FIG. 4 shows a cross-section of the twine retaining disk 2 and retaining plate 3 along the clamped strand of twine, which is labeled with numeral 16 here. The retaining surface 13 of the retaining plate 3 only occupies the left part of FIG. 4. The retaining surface terminates at a slanted shoulder 17, on the other side of which the distance between the twine retaining disk 2 and the retaining plate 3 is too great to clamp and deform the twine strand 16. The twine strand 16 is therefore pressed flat only on the left side of the shoulder 17. To the right thereof, the twine strand is shown with the natural diameter thereof, of approximately 5 mm.
 On the left side of the shoulder 17, a projection 9 of the twine retaining disk 2 is disposed opposite a recess 14 of the retaining plate 3 in each case, and a projection 15 of the retaining plate 3 is disposed opposite a recess 8 of the twine retaining disk 2 in each case. The projections 9, 15 each have flat end faces, which face the recesses 8, 14 and which, in this case, are each slightly wider than the recesses 8, 14 disposed opposite thereto. It is thereby ensured that the cross-section of the twine strand 16 is indeed deformed at the constrictions 18 at which edges of the projections 9 and 15 are disposed opposite one another. The cross-section, however, is not substantially exposed to shear stress, which could cause damage and ultimately tear the strand 16 due to the effect of the tension force applied by the baling ram.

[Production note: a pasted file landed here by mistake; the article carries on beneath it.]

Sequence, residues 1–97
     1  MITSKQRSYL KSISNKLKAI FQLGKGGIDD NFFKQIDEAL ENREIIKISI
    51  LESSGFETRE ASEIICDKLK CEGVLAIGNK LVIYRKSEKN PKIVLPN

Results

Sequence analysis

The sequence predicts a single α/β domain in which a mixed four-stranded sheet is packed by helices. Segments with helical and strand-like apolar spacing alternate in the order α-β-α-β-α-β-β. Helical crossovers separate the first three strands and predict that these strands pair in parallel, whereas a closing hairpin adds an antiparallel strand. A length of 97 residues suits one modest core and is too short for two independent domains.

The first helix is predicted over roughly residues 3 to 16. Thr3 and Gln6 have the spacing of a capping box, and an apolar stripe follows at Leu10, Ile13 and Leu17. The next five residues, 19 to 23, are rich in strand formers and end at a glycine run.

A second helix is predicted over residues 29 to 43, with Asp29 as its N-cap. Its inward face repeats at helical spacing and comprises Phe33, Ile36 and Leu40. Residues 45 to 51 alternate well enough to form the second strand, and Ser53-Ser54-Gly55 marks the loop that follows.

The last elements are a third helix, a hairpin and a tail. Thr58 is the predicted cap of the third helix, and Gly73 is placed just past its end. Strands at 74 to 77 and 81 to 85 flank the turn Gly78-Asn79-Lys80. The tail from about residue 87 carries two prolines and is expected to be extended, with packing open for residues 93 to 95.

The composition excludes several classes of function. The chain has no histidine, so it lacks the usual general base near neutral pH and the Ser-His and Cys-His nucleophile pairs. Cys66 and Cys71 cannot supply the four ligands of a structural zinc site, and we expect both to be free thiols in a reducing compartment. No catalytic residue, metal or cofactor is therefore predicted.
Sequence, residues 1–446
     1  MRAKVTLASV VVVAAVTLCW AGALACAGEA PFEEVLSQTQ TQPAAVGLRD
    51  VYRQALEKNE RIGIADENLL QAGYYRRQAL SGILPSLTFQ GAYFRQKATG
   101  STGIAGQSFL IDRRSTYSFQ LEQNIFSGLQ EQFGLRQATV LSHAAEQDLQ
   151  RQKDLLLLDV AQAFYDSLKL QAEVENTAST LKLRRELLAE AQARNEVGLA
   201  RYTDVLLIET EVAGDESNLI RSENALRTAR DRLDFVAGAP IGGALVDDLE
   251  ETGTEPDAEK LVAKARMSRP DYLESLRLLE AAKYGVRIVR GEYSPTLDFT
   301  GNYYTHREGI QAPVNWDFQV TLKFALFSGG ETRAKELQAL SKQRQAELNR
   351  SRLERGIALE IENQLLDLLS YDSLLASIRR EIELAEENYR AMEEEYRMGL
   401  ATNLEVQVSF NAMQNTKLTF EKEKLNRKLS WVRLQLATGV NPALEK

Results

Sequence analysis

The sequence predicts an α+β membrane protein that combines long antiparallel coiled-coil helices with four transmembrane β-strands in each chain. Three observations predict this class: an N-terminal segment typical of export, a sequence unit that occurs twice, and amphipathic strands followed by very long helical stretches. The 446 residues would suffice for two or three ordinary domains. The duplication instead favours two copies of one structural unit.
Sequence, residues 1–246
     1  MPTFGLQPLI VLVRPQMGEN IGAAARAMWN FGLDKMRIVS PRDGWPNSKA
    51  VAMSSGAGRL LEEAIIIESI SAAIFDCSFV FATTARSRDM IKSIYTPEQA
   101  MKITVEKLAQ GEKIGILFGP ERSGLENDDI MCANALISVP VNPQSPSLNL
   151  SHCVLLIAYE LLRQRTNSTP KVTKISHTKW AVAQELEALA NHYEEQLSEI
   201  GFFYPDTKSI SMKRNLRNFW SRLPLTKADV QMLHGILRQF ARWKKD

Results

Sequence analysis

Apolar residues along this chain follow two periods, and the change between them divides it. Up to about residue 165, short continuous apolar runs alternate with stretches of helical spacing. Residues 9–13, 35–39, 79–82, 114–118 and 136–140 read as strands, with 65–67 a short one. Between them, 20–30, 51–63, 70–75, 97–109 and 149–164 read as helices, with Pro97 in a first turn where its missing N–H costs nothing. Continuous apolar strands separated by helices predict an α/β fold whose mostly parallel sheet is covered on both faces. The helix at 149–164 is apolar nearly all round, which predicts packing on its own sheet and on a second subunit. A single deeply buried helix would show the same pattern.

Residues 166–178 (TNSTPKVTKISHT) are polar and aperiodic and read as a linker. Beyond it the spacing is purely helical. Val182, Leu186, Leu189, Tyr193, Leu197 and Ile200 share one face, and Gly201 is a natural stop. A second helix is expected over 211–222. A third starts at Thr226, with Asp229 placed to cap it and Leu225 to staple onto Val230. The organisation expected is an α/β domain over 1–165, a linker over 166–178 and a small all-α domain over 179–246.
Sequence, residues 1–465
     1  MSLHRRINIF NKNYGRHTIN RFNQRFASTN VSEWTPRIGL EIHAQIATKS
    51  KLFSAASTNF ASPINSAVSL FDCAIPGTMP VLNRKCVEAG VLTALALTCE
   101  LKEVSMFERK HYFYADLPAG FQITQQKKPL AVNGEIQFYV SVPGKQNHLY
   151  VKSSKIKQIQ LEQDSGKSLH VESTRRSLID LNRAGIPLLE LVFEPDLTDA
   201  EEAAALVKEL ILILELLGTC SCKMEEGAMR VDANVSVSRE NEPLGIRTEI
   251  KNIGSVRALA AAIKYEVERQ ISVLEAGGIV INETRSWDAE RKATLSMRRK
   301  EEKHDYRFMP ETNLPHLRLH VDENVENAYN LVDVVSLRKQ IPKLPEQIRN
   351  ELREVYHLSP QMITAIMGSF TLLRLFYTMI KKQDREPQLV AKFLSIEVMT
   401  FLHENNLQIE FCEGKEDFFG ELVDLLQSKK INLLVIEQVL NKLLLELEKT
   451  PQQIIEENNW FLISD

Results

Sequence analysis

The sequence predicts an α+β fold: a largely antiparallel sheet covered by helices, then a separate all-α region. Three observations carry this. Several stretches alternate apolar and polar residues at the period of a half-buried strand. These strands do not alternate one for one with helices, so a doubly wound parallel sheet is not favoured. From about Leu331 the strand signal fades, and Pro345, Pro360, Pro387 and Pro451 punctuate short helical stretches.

Between two constrictions 18, a recess 8 or 14 in each case provides the twine strand 16 with space in which to escape, and so the cross-section of said twine strand is flattened to a lesser extent there than in the constrictions 18. The twine strand 16 can therefore succumb to the tension of the baling ram and slide in the retaining gap 4 only if the friction drag as well as the resistance of the twine strand 16 to deformation of the cross-section thereof is overcome at each constriction 18. Since the projections 9, 15 are slightly wider than the recesses 14, 18 disposed opposite thereto, said projections cannot engage in the recesses and, therefore, cannot exert a strain on the twine strand 16, which would be added to the tensile loading applied by the ram and thereby promote the tearing of the strand 16. A fixed seat of the twine strand is thereby achieved with relatively low material stressing, thereby reducing the risk of tearing and the risk of escaping from the retaining gap 5.
 1 shaft
 2 twine retaining disk
 3 retaining plate
 4 retaining gap
 5 retaining surface
 6 center piece
 7 end pieces
 8 recess
 9 projection
 10 edge notch
 11 flank
 12 slot
 13 retaining surface
 14 recess
 15 projection
 16 twine strand
 17 shoulder
 18 constriction
 As will be evident to persons skilled in the art, the foregoing detailed description and figures are presented as examples of the invention, and that variations are contemplated that do not depart from the fair scope of the teachings and descriptions set forth in this disclosure. The foregoing is not intended to limit what has been invented, except to the extent that the following claims so limit that.